Personally, I would like to see Bishop Michael Gill emerge as Primate, as his location in South Africa puts him midway between the western and English-speaking world and the mission territories of Africa, Latin America and India. Above all, we need modern communication and reactivity of the kind one finds in modern business. Another very positive omen is the desire of the Americans to grow into unity with the other Continuers. I have heard nothing but the highest praise for Bishop Paul Hewitt of the Diocese of the Holy Cross. If all those serious churches can be brought together without being dogged by unwise moves or excessive numbers of episcopal consecrations, then Continuing Anglicanism has a future.

It is of paramount importance to let go of the ghosts of the past, try to stay together and perhaps recover some of the “crumbs” that didn’t go to the Ordinariate. My information tells me that the TAC is not in ruins. Far from it! But, damage has been done, and the lack of modern communication is partly to blame.

The most useful sites presently available are (in all modesty), this blog and Fr Smuts. Among the official TAC sites, the most updated are that of the ACA and the American diocesan pages. As mentioned, the Canadians are giving regular and relevant news. Efforts are being made by the Brits, and Fr Gray’s new Advent Pastoral Letter is most uplifting and appreciated. The centralised site, The Traditional Anglican Communion is not bad, giving fairly regular news bulletins and official documents. But, we do need more blogging and interaction, more interpretation and more encouragement to foster a positive and optimistic vision of the future.

You readers can help Fr Smuts and I, and anyone else who decides to launch out into the exciting world of the blogosphere.

I hear what Fr Chadwick is saying, and his efforts appear to be both noble and admirable. Again, if you can contribute positively, then please do.

It all reminds me of a something Deacon Chris F once said in a comment on this blog:

Dear Fr Stephen…

There have been attempts by the remnants of the (non-Hepworth) TAC hierarchy to get in touch with clergy in the Eastern states, but for those of us in WA, we remain scattered and shepherdless.

I think it largely comes down to communication. Information within the TAC was very strictly policed under the previous regime – when I tried to make my fellow worshippers aware of positive or alternative sources of information about continuing Anglicanism outside our little circle, I was described as “negative” and “disruptive”. The vast majority of TACers here were not tech-savvy or users of the Internet – they relied on their clergy – all very pro-Ordinariate. I found my own affirmation through blogs such as this one – while I might not agree with everything they said, at least I got some balance…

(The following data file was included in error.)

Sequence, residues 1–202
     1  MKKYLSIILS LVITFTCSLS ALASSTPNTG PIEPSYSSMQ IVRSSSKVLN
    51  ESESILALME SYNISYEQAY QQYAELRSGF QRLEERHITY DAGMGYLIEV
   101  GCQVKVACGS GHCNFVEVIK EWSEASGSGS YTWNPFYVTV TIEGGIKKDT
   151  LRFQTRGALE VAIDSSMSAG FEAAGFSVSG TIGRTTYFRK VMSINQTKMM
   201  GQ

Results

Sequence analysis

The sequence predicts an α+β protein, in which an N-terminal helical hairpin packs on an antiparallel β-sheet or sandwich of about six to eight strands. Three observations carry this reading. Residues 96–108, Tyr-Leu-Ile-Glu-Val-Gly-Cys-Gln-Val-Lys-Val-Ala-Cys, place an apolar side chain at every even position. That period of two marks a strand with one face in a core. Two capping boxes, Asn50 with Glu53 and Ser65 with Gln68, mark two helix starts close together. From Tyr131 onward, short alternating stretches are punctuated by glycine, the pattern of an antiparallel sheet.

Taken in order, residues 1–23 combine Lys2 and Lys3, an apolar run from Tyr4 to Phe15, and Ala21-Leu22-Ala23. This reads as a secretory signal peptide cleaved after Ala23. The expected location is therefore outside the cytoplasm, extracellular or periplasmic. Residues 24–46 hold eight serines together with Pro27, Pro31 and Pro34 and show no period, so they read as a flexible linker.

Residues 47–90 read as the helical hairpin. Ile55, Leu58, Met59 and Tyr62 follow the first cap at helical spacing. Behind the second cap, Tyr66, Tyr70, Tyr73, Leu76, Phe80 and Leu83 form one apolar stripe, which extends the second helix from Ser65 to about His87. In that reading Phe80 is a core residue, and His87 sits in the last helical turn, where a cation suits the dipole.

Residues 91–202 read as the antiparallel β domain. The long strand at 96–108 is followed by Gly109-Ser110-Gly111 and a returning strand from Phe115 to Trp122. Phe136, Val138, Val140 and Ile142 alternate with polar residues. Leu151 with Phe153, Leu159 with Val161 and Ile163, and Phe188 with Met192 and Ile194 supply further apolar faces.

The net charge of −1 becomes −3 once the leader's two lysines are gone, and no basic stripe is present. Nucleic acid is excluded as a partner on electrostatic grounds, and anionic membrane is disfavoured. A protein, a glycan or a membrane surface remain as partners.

The Internet is there. Yes, we should make good use of it (together with other forms of social media). In a digital age, it is all about information. People crave information and it must be at their fingertips (i.e. speed).  This is unavoidable and in order to be in any way relevant, we must keep abreast of technological developments.

The other thing that I have come to appreciate, being a blogging priest (or rather, a priest who blogs), is that the Internet is able to hold people accountable. You don’t get to do things in the dark and simply think that you’re going to snowball  (or ‘police’) people with clandestine motives/activities. Again, it’s the age of information. People are becoming tech savvy. People are searching. People watching. So propaganda, which otherwise could readily be spread, can now in fact be countered. Even within the Church. While a taxing, time-consuming and often unappreciated work, the results are always worthwhile – especially when people are helped and the work done, is done in the name of the Lord, for the furtherment of His Kingdom.


A Survey of the Traditional Anglican Communion (TAC)

A survey of the Traditional Anglican Communion (TAC) is to be undertaken by a seemingly (and hopefully) reinvigorated Fr Anthony Chadwick. Here’s the gist:

… The history of the TAC over the past five years is of Byzantine complexity, but whatever went wrong with the aftermath of the bishops’ meeting in Portsmouth in October 2007, one thing that lacked was solidarity in the body of the clergy. I had many conversations with Archbishop Hepworth about what would happen to the irregulars in view of the complementary norms of November 2009 that clearly stated the categories of me would not be considered for the priesthood in the Ordinariates. I think he believed what he said to me – he was expecting special rules from Rome to cover the irregulars. There were none, not even for himself. By the time the Archbishop thought of setting up a Fraternity of Saint Benedict to create a pastoral provision for irregulars for the years it would take to make canonical appeals to the Roman canonical law courts, it was too late.

All that is left of the TAC, poo-pooed by the new converts, is what was regrouped in March 2012 under Archbishop Prakash and the organisational skills and energy of Bishop Michael Gill of South Africa, together with input from the American bishops and Bishop Botterill. What is more or less affiliated to this regrouping is difficult to fathom, in particular the TAC in Australia, Torres Strait and many local Churches in Africa and South / Central America.